“We must get aircraft equipment and look after our coasts” – The Royal Canadian Air Force and the Bristol Bolingbroke coastal reconnaissance aircraft
How would you like to read a fascinating text while sipping a glass of turnip juice, my reading friend? If so, you are in for a treat, if I may quote the vampire Eric Northman. I think. I hope.
And yes, the topic in question is one of the aircraft types in the fabulous collection of the Canada Aviation and Space Museum in Ottawa, Ontario.
Before we go any further on the yellow brick road that we are following today, yours truly would like to mansplain the title of the article published in Le Samedi. Unless I am wrong and, unlike the pompous and cowardly prince Humperdinck in the delightful 1987 movie The Princess Bride, I am often wrong, not on aviation and space matters of course, the letters C.F. stood for Canadiens français. I wonder, however, why that weekly magazine from Montréal, Québec, used the letters R.C.A.F. when C.A.R.C. would have done just as well. These letters stood for Corps d’aviation royal canadien, the French language name used at the time to refer to the Royal Canadian Air Force (RCAF). Anyway, let us move on.
Before we do that, however, yours truly would like to point out that I am not using the term mansplain with a wink or a nudge to imply that I am actually in favour of poking fun at people who are not aviation cognoscenti / aficionados. There are a lot of things I do not know about this topic, but I prefer not to tell you which ones.
As you know, the start of the Second World War in September 1939 was preceded by a series of crises, each more serious than the last. Although removed from areas of tension, the Canadian / federal government fully realised that the risk of war was increasing.
In 1936, the Prime Minister created a Cabinet Defence Committee which would coordinate and define the policies of his government. All the big guns of the Cabinet were part of it:
- Charles Avery Dunning, Minister of Finance,
- William Lyon Mackenzie “Rex” King, Prime Minister and Secretary of State for External Affairs,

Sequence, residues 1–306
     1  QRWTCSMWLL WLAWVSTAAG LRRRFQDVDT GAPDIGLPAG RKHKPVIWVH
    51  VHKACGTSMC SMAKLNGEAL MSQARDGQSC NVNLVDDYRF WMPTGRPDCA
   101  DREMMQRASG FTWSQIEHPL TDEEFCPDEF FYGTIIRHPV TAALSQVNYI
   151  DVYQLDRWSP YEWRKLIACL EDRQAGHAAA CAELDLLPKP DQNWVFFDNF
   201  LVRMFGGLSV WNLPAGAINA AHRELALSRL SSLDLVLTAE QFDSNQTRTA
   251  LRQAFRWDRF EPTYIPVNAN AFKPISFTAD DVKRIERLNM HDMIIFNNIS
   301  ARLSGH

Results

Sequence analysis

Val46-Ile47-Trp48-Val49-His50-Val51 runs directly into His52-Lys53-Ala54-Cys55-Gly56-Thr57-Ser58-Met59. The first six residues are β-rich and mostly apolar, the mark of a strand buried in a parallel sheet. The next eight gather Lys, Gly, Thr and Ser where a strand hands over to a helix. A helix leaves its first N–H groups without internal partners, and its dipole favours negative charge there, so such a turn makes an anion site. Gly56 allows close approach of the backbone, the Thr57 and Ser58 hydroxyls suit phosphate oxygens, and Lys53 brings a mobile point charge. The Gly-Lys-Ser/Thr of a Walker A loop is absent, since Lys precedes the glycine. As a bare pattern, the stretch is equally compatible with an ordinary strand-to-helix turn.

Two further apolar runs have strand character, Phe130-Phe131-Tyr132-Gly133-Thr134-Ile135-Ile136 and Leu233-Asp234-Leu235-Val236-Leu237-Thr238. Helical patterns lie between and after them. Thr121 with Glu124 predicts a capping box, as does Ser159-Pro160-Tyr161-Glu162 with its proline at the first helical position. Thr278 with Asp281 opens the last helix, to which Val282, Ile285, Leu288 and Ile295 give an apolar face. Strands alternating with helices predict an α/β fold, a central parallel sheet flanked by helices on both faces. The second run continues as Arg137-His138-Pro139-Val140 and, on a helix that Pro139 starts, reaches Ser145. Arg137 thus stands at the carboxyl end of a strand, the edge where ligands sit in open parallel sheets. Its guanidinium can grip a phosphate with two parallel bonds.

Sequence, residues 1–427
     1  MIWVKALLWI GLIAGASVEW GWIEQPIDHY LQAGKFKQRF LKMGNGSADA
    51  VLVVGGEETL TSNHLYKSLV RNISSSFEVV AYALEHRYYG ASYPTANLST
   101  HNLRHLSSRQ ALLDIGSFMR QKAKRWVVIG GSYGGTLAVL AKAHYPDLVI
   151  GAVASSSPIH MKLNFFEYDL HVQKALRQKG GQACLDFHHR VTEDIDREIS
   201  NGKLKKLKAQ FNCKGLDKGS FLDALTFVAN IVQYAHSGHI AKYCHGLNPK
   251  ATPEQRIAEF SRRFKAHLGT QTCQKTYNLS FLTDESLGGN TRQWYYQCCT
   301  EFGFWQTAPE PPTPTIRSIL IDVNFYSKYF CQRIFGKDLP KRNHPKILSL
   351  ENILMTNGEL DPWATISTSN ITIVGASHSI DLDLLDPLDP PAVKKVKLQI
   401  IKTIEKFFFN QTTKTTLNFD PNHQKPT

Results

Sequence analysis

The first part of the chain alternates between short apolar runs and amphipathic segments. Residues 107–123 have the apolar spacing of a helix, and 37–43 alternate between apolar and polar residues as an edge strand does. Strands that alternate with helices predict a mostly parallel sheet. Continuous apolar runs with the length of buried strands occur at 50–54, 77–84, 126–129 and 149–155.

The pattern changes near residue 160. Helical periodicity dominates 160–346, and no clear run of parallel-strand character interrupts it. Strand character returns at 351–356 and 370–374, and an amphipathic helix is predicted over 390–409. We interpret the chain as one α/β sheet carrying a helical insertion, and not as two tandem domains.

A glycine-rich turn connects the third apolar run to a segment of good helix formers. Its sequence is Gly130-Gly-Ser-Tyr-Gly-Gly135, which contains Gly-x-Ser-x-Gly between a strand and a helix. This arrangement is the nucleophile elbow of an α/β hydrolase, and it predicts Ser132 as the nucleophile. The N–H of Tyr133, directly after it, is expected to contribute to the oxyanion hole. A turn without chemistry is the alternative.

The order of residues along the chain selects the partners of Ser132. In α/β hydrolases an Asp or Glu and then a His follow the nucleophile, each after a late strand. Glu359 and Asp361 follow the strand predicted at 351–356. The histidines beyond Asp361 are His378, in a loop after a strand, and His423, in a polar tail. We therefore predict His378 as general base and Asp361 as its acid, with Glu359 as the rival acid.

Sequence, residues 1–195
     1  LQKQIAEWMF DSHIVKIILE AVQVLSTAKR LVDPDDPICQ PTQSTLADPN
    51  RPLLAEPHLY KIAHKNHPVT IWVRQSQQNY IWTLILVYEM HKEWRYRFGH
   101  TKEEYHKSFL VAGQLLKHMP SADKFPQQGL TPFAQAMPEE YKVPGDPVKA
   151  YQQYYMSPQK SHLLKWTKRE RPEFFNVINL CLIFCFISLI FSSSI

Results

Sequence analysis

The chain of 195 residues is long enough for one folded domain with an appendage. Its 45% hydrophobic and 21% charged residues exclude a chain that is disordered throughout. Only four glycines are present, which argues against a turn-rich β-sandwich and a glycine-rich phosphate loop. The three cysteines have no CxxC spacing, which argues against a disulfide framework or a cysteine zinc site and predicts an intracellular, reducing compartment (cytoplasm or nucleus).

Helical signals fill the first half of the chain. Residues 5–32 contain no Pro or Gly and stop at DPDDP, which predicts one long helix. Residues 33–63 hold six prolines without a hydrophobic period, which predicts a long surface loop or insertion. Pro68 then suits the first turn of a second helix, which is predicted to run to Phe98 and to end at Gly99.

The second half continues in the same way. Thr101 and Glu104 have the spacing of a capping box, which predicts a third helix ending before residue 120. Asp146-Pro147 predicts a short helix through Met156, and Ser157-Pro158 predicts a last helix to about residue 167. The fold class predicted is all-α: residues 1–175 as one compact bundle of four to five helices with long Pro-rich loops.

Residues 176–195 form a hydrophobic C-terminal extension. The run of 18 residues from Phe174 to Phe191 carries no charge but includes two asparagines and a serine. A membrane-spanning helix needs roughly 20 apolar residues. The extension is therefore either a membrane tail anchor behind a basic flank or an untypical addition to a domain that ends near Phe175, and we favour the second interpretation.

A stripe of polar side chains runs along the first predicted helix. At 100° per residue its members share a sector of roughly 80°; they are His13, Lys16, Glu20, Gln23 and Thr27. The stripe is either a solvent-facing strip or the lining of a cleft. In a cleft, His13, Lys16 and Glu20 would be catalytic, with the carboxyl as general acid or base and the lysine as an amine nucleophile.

- Ernest Lapointe, Minister of Justice and right-hand person of King in Québec, and
- Ian Alistair Mackenzie, Minister of National Defence.
And yes, King has been mentioned several / many times in our blog / bulletin / thingee since April 2018.
During the first meeting of said committee, in August 1936, the ministers took cognisance of the reports prepared by the Canadian armed forces. The news was bad and the shortcomings, numerous. King and his ministers therefore decided to launch a rearmament program.
The country’s financial resources being far too limited, however, the federal government could not afford to purchase all of the equipment recommended by the Department of National Defence (DND). King therefore began to take a growing interest in the potential importance of the RCAF to the defence of the country.
Without being decisive, a meeting with the British Prime Minister, Stanley Baldwin, in October 1936, played a significant role in what was to follow. The latter suggested that King think above all about military aviation. Although Canada was one of the least vulnerable countries, an air force would be of great help in the event of an attack. Baldwin did not seem to believe that a navy or army was worth spending large sums of money on.
Added to these military arguments was the fact that, unlike the Royal Canadian Navy (RCN) and the Canadian Army, the RCAF did not awake bad memories, such as the difficulties surrounding the creation of the RCN in 1910, or the riots against conscription in the spring of 1918.
Even before the end of 1936, King had decided that the RCAF would be Canada’s first line of defence. In the event of danger, its units could concentrate very quickly and ensure coverage of the country in collaboration with the RCN and the Canadian Army. As far as King was concerned, that policy also put on hold the idea of an expeditionary force, the hobbyhorse of some Canadian Army senior officers, closely tied to the idea of conscription and the potential danger that issue could pose to the unity of the country.
The policy of 1936 confirmed a whole series of recommendations of the Joint Staff Committee of the Canadian armed forces. To support it, Mackenzie created, in September 1936, the Navy, Army and Air Force Supply Committee, a group with no direct connection to his British counterpart, the Principal Supply Officers Committee. Its members met for the first time that same month.